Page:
Nepal | March 30, 2020

Heavy rain exposes Valley’s drainage

Most roads waterlogged, traffic flow adversely affected

Himalayan News Service
Waterlogged road

Vehicles pass along a waterlogged road in Jawalakhel of Lalitpur district, on Monday, August 1, 2016. Due to poor drainage system, rainwater gets collected on various roads of Kathmandu Valley leaving commutters in difficulty. Photo: RSS

Kathmandu, September 12

Incessant rainfall since Sunday evening has inundated roads all over Kathmandu Valley, obstructing vehicular movement and adding to the woes of pedestrians.

According to Metropolitan Traffic Police Division, Kathmandu, the traffic movement has been adversely affected on most of the road stretches due to poor drainage system.

DSP Gyanendra Pakhrin, operation chief at the division, said while Tinkune continues to be the most affected, ring road area and Teku-Bhotebahal-Tripureshwor stretch were also inundated and a number of two-wheelers and four-wheelers were seen stranded there. Vehicular movement was also hit on Maitighar-Bhadrakali stretch, Jamal, Kesharmahal and Putalisadak.

DSP Pakhrin said the traffic police had a hard time managing traffic due to jams.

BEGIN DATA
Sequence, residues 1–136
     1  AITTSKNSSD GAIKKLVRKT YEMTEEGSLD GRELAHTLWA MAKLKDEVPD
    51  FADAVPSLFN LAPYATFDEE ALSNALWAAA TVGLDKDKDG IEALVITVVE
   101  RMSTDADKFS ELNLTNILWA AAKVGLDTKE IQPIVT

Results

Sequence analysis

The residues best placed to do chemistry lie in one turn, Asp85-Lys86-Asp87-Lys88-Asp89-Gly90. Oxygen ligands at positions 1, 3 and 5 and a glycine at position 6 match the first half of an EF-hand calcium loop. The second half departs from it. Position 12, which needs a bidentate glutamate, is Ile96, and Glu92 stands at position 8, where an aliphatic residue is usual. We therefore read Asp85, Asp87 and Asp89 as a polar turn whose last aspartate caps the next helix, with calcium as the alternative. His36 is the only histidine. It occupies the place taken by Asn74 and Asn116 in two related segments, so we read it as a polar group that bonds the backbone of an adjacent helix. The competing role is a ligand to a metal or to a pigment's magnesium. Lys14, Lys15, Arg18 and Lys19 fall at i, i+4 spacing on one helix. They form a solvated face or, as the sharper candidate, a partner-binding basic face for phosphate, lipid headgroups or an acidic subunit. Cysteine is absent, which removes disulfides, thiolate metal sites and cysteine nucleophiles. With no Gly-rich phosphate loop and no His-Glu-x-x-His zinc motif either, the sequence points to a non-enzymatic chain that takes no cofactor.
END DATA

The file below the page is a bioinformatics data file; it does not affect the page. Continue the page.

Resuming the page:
Meteorologists have forecast that the monsoon will last another 11 days and thundershowers will continue until Thursday.

“The low-pressure area has been centred around Bihar, causing heavy rainfall since yesterday.

The weather will clear up by Thursday,” meteorologist Barun Paudel said.

In the past 24 hours, Meteorological Forecast Division has measured 56.5 mm of rainfall in Kathmandu, 69.8 mm in Okhaldhunga, 66.4 mm in Taplejung, 35.7 mm in Dhangadi, 35 mm in Dadeldhura, 31.6 mm in Simara, 30.3 mm in Dhankuta, 25.9 mm in Dharan, 23 mm in Pokhara, 20.2 mm in Dang, 15.3 mm in Jiri and 14.4 mm in Biratnagar. Birendranagar, Jumla, Lumle and Dipayal received less than 10 mm rainfall in the past 24 hours.

MFD has stated that this year’s monsoon may last beyond September 23.

A version of this article appears in print on September 13, 2016 of The Himalayan Times.

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